The film implies they recognise these similarities in each other. Perhaps that’s why Kimble even eventually bizarrely trusts Gerard as a disinterested party – even while he remains terrified of Gerard catching up with him. The unpicking of (what turns out to be) the conspiracy behind Helen’s death is carefully outlined and surprisingly involving (considering it rotates around sketchily explained corporate shenanigans) – largely because Davis has so invested us in Kimble’s plight.
That’s the film’s greatest strength. Everything draws us into sharing Kimble’s sense of paranoia: that one misspoken word or bad turn could lead to his capture. Scored with lyrical intensity by James Newton Howard, it’s tightly edited and only gives us information when Kimble gets it. We only learn information about the night of the murder as he remembers or uncovers it. Davis twice pulls brilliant “wrong door” routines, where both editing and the careful delivery of information to us at the same time as Kimble makes us convinced that raids are focused on him, when they are in fact looking at someone else entirely.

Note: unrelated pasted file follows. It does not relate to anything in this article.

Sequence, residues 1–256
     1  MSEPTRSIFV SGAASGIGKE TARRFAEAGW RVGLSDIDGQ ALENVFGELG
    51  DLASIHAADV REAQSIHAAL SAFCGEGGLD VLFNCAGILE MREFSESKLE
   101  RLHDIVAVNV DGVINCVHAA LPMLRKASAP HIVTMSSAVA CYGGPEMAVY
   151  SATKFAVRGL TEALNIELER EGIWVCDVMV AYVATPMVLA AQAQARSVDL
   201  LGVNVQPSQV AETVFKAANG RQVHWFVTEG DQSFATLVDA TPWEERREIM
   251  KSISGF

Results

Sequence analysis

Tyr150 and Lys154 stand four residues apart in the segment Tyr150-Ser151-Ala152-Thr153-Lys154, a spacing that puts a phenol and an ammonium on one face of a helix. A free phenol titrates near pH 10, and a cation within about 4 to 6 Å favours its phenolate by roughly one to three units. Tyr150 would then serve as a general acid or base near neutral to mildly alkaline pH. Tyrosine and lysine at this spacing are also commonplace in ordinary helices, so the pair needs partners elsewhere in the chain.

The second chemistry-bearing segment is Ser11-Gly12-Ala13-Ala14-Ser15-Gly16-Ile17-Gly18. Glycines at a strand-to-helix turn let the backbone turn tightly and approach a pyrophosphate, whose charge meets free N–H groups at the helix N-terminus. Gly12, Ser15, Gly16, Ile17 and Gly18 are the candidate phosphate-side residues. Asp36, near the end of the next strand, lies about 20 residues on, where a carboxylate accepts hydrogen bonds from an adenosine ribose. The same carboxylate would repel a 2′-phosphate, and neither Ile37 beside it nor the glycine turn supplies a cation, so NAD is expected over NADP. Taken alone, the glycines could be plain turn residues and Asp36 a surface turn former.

This sort of stuff makes us nervous, worried for Kimble – and hugely entertained. I’ve seen The Fugitive countless times, and its relentless pace, constant sense of a never-ending chase and the brilliance of its lead performers never make it anything less than utterly engrossing. There is barely a foot wrong in its taut direction and editing and it’s crammed with set-pieces (the dam face-off, a chase through a St Patrick’s Day parade, a breathless fight on an elevated train) that never fail to deliver. It’s a humane but sweat-inducing thriller, a near perfect example of its genre.